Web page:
C2 (North Area, Shenzhen OCT-LOFT, Nanshan District), Dec 2, 2016–Mar 2, 2017
The Third Independent Animation Biennale opened on December 12, 2016 at C2 in Shenzhen’s OCT-LOFT. Compared with the scale of a typical biennale, this independent animation biennale comes across as a little small. In order to make the exhibition look the part, the curator has delineated six areas—for showing art, for lectures, for community activities, and so on—in an attempt to show diversity and distinguish this exhibition from the workings of a regular group exhibition. But over an exhibition period spanning several months, only the “Spatial Animation” component of the biennale, showing in C2, is open to the viewing public of the surrounding neighborhood. “Special screenings” and “Animations and Concerts” take place a ten-minute car ride away from OCT station at Artron Art Center; a “recommended screening” providing a platform for “post-90’s” artists will be shown only at the closing of the exhibition on March 2, 2017 (hastily arriving, hastily departing). As for the “GIF Online Project”, audience members must log onto the internet themselves to view it (the experience is not ideal, as the page loads too slowly). All of this leads to ready disappointment; after viewing the twelve works in C2, one feels there is something lacking, searching in vain for some sign in a corner that would read “more this way.”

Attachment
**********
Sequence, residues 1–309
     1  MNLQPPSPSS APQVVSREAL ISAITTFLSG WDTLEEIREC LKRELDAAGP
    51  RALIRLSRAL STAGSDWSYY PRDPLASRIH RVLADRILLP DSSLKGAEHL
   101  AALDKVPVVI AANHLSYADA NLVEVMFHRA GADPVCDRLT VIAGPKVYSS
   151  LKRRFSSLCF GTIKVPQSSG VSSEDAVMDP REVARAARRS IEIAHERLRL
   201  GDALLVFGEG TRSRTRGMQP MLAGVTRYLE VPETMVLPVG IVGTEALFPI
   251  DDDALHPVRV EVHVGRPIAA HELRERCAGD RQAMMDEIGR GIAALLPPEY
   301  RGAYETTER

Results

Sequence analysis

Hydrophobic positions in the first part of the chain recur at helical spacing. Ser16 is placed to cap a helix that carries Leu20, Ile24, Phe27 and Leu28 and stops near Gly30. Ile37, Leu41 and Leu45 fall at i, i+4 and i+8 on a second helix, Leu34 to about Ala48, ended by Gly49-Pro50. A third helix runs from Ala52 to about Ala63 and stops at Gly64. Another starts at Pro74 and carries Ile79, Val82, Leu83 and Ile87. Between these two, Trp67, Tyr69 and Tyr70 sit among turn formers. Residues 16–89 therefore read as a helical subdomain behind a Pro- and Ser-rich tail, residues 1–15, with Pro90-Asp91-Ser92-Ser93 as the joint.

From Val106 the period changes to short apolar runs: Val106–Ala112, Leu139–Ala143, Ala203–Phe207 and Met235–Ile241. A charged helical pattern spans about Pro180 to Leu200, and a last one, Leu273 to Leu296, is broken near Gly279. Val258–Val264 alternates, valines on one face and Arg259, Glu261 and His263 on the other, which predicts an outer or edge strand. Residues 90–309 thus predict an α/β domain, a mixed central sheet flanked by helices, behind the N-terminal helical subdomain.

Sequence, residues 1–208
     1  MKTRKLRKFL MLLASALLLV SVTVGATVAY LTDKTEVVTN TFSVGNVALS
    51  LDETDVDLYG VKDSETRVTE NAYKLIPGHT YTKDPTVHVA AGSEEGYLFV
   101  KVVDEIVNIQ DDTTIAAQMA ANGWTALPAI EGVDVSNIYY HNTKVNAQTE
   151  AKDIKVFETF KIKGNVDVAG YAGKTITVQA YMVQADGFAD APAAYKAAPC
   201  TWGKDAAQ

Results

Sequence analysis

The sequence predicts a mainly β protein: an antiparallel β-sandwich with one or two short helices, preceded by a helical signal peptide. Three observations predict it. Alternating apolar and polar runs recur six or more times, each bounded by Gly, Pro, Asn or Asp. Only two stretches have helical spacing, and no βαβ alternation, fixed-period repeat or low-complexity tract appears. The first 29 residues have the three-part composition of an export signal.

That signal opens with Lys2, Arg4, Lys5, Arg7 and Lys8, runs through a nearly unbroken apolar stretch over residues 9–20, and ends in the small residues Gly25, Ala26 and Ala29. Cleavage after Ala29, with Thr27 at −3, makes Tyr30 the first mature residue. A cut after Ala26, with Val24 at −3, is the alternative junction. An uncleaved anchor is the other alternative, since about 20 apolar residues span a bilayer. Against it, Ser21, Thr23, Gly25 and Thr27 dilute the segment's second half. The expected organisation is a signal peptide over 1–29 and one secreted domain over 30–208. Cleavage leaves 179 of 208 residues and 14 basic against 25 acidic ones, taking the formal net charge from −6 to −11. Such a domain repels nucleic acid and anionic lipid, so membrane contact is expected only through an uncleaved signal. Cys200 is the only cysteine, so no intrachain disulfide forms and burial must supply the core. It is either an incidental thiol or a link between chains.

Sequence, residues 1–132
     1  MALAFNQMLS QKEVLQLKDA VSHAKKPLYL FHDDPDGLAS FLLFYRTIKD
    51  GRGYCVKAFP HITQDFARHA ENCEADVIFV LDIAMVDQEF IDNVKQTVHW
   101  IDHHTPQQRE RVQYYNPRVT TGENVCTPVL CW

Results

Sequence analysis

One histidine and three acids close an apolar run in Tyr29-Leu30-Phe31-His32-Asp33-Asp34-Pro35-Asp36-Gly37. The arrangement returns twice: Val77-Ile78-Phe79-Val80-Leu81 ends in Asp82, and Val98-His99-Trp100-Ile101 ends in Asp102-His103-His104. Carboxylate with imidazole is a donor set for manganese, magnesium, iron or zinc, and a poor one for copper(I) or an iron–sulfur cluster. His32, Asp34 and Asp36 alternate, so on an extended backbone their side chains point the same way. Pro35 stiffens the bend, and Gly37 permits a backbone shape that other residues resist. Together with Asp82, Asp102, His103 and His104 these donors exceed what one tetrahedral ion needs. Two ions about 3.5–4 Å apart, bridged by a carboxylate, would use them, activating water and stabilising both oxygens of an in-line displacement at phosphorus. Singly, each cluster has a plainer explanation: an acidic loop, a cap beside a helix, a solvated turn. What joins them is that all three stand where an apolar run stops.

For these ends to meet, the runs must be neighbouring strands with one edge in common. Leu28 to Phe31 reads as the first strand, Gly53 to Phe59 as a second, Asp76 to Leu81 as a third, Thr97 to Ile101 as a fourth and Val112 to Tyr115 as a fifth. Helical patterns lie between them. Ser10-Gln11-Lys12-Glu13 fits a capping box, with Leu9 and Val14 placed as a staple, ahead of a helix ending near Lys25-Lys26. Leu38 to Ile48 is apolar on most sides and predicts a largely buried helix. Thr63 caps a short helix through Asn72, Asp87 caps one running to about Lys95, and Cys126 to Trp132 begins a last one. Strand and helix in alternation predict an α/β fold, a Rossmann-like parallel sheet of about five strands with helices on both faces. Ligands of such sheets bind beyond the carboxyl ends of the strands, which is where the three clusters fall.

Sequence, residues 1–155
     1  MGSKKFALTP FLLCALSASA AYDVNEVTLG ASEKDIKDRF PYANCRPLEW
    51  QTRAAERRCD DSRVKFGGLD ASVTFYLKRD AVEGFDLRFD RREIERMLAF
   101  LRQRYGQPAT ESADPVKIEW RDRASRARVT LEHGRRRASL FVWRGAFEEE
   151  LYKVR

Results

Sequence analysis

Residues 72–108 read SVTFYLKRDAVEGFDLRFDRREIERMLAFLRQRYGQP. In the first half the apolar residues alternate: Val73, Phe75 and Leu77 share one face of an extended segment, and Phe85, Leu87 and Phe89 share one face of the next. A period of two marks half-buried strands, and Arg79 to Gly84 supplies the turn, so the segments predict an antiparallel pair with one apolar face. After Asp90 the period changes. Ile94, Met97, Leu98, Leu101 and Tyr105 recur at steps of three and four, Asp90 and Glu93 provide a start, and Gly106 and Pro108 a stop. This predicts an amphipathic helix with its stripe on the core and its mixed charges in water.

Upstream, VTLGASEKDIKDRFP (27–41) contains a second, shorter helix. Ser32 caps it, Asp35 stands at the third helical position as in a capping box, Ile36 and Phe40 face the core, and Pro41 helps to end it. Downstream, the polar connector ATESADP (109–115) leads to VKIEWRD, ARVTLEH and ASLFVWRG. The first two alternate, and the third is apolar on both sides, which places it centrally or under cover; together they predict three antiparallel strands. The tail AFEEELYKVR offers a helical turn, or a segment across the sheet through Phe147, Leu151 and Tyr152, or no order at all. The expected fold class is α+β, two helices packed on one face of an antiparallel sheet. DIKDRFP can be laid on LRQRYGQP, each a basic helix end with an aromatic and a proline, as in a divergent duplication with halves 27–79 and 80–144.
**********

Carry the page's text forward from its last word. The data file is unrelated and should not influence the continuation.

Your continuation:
The theme of the exhibition is “Time Based / Non-places”. “Time Based” comes from an expression used by many Western art museums today to describe video, film, slides, sound, and other contemporary works of art possessing a “time-based” dimension. This feature manifests itself across the variety of works exhibited. Meanwhile, “non-places” is a term coming from French sociologist Marc Augé, referring to temporary anthropological spaces—such as highways, hotels, airports, and supermarkets. It is used here, it seems, to point out the temporary nature of the exhibition space. It would appear that any medium of art could be included under such a theme, and that any kind of impermanent exhibition space could be the venue. This makes the experience of attending Shenzhen’s Third Independent Animation Biennale just like attending any large scale new-media art exhibition. What’s more, the information covered by the English title, “Time based / Non-places” is not held up in the title in Chinese. The Chinese title’s brevity seems to act as sheer barometer for the erudition of its reader.